Moreover, the RTX 3090 is a power-hungry card, and when coupled with the Core i9 10900K, you really want to make sure your PSU is up to the task. We recommend a PSU capacity of at least 1000W and one from a reputable manufacturer that can also offer high operational efficiency.
G.Skill 32GB TridentZ DDR4-3200 RGB (4x8GB) ($189.99 View at Amazon)
Capacity: 4x 8GB | Speed: 3200MT/s | Timings: 16-18-18-38 | Voltage: 1.35V
We absolutely love the look of G.Skill’s TridentZ RGB sticks. In addition, RAM prices have been diving lately, meaning you can now get a 32GB kit for well under $200. Besides G.Skill, you can also go for Corsair, Kingston, HyperX, Crucial, Adata, and Team as reliable picks. Most RAM modules work well, so it always comes down to price—and color, if you’re into that.
Sabrent Rocket Q 4TB ($599.98 VIEW AT AMAZON)
A tiny SSD with a whole lot of speedy storage space
Capacity: 4,096GB | Interface: M.2 PCIe 3.0 | Sequential read/write speed: 3,200MB/s / 3,000MB/s | Random IOPS: 550K read / 680K write
The Sabrent Rocket Q 4TB drive carries a tremendous amount of storage into a small SSD. Still, it maintains performance on par with MLC drives. The Sabrent’s exceptional speed and range imply you can have a fast, spacious SSD boot drive without compromising a slower data storage option. So if you want to have all your games downloaded at any point, the Sabrent Rocket Q is an incredible drive. And if you’re feeling spendy, there’s the spectacular Sabrent Rocket Q 8TB drive too. Here are the best SSD for gaming options out right now.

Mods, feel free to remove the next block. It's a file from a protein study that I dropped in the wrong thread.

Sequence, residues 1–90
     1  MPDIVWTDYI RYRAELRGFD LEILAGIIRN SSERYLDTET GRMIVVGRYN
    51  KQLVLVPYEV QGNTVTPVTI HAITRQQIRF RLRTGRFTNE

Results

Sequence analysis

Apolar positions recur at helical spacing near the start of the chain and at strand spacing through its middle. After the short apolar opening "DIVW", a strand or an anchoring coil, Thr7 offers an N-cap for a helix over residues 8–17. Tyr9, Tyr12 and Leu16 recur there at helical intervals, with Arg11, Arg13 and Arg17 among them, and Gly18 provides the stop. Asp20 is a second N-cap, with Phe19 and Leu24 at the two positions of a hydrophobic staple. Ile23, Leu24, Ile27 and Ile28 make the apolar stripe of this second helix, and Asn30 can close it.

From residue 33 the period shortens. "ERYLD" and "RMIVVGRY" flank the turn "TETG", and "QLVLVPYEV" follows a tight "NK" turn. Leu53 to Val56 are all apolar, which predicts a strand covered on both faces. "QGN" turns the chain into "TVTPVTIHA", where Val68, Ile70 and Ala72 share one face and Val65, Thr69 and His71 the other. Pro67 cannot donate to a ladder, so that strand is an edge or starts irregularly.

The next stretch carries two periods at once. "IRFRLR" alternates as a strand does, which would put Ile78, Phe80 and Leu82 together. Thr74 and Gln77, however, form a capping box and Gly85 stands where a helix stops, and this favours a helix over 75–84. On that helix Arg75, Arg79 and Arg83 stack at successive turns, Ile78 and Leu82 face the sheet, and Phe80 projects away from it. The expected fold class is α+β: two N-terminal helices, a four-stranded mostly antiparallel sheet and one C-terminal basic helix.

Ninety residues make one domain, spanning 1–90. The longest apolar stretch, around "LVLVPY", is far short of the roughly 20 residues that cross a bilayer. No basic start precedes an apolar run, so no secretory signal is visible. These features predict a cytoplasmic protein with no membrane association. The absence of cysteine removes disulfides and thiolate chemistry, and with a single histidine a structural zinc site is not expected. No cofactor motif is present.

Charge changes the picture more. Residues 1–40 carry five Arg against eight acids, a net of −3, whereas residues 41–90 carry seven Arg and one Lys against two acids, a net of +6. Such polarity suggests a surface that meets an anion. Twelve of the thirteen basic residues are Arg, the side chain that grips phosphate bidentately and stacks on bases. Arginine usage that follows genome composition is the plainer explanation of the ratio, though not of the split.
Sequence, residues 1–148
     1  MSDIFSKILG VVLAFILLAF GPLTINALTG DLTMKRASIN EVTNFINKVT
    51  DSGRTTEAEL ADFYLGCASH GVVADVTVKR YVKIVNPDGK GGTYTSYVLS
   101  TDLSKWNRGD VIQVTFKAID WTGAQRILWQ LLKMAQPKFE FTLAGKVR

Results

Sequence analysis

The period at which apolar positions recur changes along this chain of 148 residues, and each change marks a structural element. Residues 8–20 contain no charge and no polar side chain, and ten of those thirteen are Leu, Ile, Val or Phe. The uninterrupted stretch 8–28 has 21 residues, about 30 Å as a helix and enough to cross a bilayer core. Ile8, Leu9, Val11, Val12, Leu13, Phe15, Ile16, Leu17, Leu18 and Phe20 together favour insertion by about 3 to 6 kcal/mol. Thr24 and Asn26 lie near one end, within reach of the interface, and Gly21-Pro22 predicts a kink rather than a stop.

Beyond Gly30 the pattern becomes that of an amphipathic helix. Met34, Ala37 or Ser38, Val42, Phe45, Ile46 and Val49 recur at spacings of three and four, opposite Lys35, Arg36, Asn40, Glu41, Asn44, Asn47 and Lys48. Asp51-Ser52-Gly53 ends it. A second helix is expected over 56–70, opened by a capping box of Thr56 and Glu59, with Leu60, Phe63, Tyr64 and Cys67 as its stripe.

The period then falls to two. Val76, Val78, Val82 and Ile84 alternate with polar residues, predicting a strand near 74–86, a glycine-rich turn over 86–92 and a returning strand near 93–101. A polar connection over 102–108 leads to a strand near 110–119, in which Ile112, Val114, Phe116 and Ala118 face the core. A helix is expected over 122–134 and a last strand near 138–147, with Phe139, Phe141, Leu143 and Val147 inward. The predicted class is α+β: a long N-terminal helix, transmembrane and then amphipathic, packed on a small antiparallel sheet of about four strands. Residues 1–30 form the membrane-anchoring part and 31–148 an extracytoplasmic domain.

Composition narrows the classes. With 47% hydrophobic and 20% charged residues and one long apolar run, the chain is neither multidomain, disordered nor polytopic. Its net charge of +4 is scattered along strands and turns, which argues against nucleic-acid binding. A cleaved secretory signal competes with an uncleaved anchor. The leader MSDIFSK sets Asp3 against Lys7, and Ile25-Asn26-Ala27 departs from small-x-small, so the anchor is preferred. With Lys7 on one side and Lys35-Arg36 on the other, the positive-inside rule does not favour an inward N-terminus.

EVGA SuperNova 1000 G5 ($224.11 VIEW AT AMAZON)
Output: 1,000W | Efficiency: 80 Plus Gold | Connectors: 1x 24-Pin ATX, 2x 8-Pin (4+4) EPS12V, 8x 8-Pin (6+2) PCIe, 12x SATA, 4x Molex, 1x Floppy | Modular: Fully
As a wise gamer, you don’t want a cheap PSU taking down the rest of your system.
The EVGA SuperNova 1000 G5 is a great option to build an extreme rig around when it comes to power supplies. This beast offers up to 1000W of power for your new build to turn into lightning-smooth gaming experiences. If you only intend to operate using a single GPU, or a lower-tier CPU, EVGA’s SuperNOVA 850 T2 is an excellent option that will save some bucks. If you’re really short on funds, the SuperNOVA 850 P2 is every bit as good.
NZXT Kraken X62 ($159.99 VIEW AT AMAZON)
Size: 280mm | Fan speed: 1,200rpm | Airflow: 55.4 CFM | Noise level: 20.4 dB(A) | Dimensions: 315 x 143 x 29 mm | Socket support: LGA115x, LGA2011, LGA2066, AM2, AM3, AM4
We highly recommend liquid cooling when trying to get the most out of Intel’s enthusiastic chips. The NZXT Kraken X62 is an impressive piece of tech that works with all major platforms. It’s pretty easy to install and features a massive 280mm radiator and a pair of 140mm fans. However, even with the X62, you may run into temperature limitations. So if you’re a serious gamer looking to push the i9 10900K beyond its limits, consider getting a fully custom liquid cooling loop.
While we fully support gamers that build their own computers, not everyone is up for that kind of challenge. And, of course, that’s completely fine. If you’re not up for it, feel free to check out more build guides to help you find the right components for your system.